By Bahle Gama
A trial looking at the use of central bank digital currencies (CBDCs) in cross-border transactions has seen the South African Reserve Bank (SARB) being able to move sizable sums of money among Southern African Development Community (SADC) member states.
In a statement, SARB Governor Lesetja Kganyago stated that significant difficulties arose when each country wanted to settle the transaction in its own currency.
Conversations around CBDCs have reportedly intensified in recent years in South Africa where the cost of cross-border payments is particularly prohibitively expensive and potential solutions continue to be sought.
The governor stated that trials conducted in the CBDC sector indicate that payments, particularly those made across borders, will move more quickly and the current system is bloated and hamstrung by incumbency.
“Making small payments across borders is (currently) very difficult. When moving USD 100.00 across borders, for instance, it might only be worth USD 60.00 after it reaches its destination and the transaction is completed,” he said.
He further stated that SARB was still looking into testing CBDCs, but is focusing on a solid use case and is not in a rush to be among global pioneers of the new take on national currencies.
According to BusinessTech, during a panel discussion held at the annual World Economic Forum (WEF) that was on January 18 in Davos, Switzerland, the governor said that South Africa would be very fast followers in terms of the creation and use of central bank currencies, drawing lessons from other nations that are further along in the experiment.
He stated that a crucial step toward the SARB’s modernization agenda is the decision to acknowledge and prepare it for digital currencies, adding that because a digital economy is emerging, central banks must reframe their functions globally.
“The central bank of a nation issues and manages a CBDC, which is a digital replica of the fiat currency of that nation. They can be utilised for cashless transactions, boosting financial inclusion, and offering central banks a fresh method for implementing monetary policy,” he said.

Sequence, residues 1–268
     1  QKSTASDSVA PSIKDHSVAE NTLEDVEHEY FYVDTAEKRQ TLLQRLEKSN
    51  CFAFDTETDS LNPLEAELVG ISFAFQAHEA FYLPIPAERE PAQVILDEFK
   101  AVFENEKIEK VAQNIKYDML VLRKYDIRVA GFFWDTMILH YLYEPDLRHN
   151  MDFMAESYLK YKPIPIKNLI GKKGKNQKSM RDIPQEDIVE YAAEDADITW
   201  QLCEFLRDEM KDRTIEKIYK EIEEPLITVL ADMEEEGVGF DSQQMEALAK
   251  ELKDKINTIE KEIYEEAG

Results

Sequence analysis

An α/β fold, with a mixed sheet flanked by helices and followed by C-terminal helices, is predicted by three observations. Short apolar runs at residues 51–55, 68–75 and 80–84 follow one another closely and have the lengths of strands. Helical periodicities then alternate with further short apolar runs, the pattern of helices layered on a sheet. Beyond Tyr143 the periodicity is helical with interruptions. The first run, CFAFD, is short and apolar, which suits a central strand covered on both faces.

Elaborating further, Kganyago said the use case of the new technology is still the subject of discussion and research. Nevertheless, he emphasized the potential of CBDCs in making national payments more efficient and helping to deal with domestic market frailties better.
“The SARB is one of many central banks that believe the economy is changing, though there’s a recognition that demand must also be taken into account,” he said.
He stated that there is a need for national conversations about the role of the new system, and big issues about regulation and governance need to be discussed alongside the need for public choice. He reportedly informed the panel that although South Africa’s achievements may have seemed modest in contrast to those of other nations, the central bank had experienced significant progress as a result.
Kganyago claims that the Reserve Bank involved all of the banks in South Africa, which account for 90 per cent of all settlements, through the usage of CBDCs, and completed full settlements in under two hours. About 11 countries have reportedly fully launched a national digital currency with Nigeria being the first in Africa having rolled out the eNaira in 2021 albeit to a less-than-satisfactory effect, while several other African nations are in the exploratory and testing phases.
Globally, 114 countries, representing over 95 per cent of global GDP, are reported to be exploring a CBDC, per Atlantic Council’s CBDC Tracker, and over 20 countries have signalled intentions to take significant steps towards piloting a CBDC in 2023.